Dr. John Gottman has been studying couples for the last four decades to understand why some relationships are like ticking time bombs that result in chronic dissatisfaction or divorce, while others are fulfilling, happy, and remain stable over a lifetime. What has Dr. Gottman’s research taught us about what works and doesn’t work in relationships? The key findings really boil down to three things: treating your partner like a good friend, handling conflicts in gentle and positive ways, and being able to repair after conflicts and negative interactions. How partners treat each other when they’re not fighting is predictive of their ability to manage conflict and repair negative interactions. With that in mind, here are three research-backed tips to keep your relationship in the healthy and happy zone.
- Stay Curious
Sometimes, we forget to check in with our partner or fail to respond to their attempts to connect. Over time, this can create serious distance between you that damages to the relationship. To prevent this, always make an effort to know what’s happening in your partner’s world. Ask questions that show you’re interested in their day-to-day life. It can be as simple as asking, “How was your day?” Deeper levels of connection are possible when you make it a habit to ask open-ended questions about your partner’s thoughts, feelings, hopes, and fears.
- Be gentle in conflict
Avoid criticism or blame, and instead focus on your own needs. For example, instead of saying, “You never help around the house,” focus on what you do need by stating, “The house needs cleaning and I would really appreciate some help.” Avoid statements of “You never…” or “You always…” A core research finding was that happy couples remained positive in conflict by listening to their partners without criticizing, becoming defensive, shutting down, or acting superior. Make a commitment to yourself and each other to handle conflict with mutual respect, humor, interest, and openness.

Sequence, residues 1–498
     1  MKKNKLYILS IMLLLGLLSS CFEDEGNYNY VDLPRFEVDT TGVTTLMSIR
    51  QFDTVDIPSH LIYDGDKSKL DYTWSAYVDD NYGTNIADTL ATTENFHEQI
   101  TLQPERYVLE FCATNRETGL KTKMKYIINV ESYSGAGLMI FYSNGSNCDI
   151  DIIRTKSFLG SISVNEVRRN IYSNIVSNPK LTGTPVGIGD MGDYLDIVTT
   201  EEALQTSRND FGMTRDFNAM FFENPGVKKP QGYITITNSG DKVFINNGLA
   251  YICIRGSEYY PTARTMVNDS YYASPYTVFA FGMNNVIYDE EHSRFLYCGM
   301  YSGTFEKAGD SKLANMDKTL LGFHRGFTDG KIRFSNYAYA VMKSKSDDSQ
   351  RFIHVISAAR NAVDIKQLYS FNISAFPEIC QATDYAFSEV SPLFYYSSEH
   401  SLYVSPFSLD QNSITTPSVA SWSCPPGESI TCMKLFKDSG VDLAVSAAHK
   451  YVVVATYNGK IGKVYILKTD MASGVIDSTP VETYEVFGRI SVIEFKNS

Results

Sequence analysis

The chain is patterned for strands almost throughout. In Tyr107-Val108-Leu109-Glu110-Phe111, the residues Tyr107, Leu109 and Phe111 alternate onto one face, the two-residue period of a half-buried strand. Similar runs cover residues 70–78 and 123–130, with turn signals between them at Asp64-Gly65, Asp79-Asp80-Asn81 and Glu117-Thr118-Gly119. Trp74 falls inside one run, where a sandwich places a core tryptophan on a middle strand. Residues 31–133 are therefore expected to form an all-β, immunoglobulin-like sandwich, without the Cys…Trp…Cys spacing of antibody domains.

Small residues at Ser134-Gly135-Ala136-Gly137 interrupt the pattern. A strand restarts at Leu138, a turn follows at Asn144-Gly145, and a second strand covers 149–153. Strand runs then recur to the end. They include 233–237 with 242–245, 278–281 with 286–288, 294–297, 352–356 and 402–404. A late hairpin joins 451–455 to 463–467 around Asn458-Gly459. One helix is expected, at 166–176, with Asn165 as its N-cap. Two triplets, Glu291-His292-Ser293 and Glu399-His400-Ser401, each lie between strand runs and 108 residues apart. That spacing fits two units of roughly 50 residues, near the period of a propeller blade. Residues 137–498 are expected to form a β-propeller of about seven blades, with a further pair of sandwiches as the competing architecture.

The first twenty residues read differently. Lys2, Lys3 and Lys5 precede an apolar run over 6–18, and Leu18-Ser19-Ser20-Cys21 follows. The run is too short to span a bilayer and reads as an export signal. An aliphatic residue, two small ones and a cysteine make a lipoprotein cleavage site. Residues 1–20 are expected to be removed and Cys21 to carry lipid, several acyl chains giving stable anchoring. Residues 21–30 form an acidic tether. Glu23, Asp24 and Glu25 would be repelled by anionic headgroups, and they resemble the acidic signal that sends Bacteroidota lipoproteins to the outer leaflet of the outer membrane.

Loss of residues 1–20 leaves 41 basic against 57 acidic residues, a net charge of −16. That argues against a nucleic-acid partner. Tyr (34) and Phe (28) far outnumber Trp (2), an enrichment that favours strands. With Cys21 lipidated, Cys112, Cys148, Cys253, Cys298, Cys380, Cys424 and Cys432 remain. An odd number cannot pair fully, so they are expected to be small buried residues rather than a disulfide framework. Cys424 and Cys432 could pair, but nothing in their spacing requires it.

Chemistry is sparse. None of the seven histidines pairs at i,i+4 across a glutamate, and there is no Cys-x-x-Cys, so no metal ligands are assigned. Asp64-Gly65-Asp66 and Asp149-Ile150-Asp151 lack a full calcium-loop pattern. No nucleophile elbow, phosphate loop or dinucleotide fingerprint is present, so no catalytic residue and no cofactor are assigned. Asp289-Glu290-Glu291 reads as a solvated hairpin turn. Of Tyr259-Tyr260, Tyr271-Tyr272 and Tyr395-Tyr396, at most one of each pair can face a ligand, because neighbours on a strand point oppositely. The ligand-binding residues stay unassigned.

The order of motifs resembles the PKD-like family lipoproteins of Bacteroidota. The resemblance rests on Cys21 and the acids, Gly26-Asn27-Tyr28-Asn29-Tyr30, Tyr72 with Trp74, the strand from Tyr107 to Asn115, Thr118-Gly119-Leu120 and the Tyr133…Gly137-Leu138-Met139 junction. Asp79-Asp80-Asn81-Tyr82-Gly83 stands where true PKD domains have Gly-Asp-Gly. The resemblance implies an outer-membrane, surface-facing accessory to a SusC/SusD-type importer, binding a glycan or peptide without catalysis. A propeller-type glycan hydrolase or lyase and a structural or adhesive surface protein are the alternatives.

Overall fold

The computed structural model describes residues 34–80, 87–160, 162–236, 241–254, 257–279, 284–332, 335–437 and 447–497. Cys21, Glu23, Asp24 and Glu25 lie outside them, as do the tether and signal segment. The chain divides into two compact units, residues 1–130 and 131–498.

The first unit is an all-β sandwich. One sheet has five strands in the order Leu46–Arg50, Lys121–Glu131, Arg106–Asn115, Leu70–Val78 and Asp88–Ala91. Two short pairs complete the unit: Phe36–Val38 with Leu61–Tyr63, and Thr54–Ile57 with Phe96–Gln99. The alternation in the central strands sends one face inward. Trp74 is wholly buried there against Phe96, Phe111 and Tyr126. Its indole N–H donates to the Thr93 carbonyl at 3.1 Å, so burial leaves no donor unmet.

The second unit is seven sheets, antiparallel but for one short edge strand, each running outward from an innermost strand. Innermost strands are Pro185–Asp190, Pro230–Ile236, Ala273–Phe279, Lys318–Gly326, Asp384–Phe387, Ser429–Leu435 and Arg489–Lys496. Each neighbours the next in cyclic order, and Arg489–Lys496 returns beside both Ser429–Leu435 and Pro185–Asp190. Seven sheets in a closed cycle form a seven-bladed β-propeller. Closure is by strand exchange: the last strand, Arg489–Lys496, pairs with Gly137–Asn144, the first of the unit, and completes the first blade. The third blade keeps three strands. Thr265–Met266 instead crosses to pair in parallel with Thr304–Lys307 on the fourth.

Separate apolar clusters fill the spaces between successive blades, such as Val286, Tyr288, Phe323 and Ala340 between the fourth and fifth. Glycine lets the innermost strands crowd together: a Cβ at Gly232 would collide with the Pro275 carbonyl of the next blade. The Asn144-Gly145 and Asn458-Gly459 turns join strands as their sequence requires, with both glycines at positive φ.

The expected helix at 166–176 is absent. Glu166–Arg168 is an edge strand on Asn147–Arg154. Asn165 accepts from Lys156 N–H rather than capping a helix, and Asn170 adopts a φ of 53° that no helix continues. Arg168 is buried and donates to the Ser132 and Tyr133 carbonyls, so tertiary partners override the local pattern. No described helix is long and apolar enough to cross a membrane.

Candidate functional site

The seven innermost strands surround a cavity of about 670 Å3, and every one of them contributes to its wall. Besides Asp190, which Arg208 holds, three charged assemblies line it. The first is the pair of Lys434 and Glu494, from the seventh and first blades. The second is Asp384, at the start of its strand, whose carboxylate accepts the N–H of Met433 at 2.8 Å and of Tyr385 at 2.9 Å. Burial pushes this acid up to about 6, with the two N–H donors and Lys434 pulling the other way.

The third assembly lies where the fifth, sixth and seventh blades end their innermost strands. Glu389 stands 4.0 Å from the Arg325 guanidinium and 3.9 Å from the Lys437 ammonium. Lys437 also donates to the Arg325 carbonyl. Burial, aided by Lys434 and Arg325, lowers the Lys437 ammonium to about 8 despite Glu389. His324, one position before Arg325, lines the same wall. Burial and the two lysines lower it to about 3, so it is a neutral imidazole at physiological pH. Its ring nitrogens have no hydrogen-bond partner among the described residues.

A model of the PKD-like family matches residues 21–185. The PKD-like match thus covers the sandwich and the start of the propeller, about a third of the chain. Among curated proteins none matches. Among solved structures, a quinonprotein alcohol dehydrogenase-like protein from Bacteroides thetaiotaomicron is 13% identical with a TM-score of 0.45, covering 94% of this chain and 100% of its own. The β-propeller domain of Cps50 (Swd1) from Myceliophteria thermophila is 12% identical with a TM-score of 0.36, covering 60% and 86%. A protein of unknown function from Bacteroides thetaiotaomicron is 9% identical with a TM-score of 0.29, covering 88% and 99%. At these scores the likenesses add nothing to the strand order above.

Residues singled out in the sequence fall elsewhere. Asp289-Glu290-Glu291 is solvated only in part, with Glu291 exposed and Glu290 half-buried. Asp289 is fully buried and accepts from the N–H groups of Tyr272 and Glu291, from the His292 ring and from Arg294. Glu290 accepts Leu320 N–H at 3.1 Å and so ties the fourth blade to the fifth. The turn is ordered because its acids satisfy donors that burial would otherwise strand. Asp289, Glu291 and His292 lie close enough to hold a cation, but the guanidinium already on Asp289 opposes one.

- Repair negative interactions
Conflict is inevitable in any relationship, so when couples make mistakes, hurt one another, or argue, it’s essential to have techniques to repair the relationship. One such technique is taking responsibility, even if it’s only for part of the problem. Conflict can deepen intimacy and bring couples closer together. As Dr. Gottman notes, “conflict is an opportunity to learn how to love each other better over time.” The ability for couples to repair is directly related to the strength of their friendship (see tip #1). Distressed couples have as many repair attempts as happy couples, it is just that repair attempts are often unsuccessful when partners don’t feel close, accepted, or safe enough.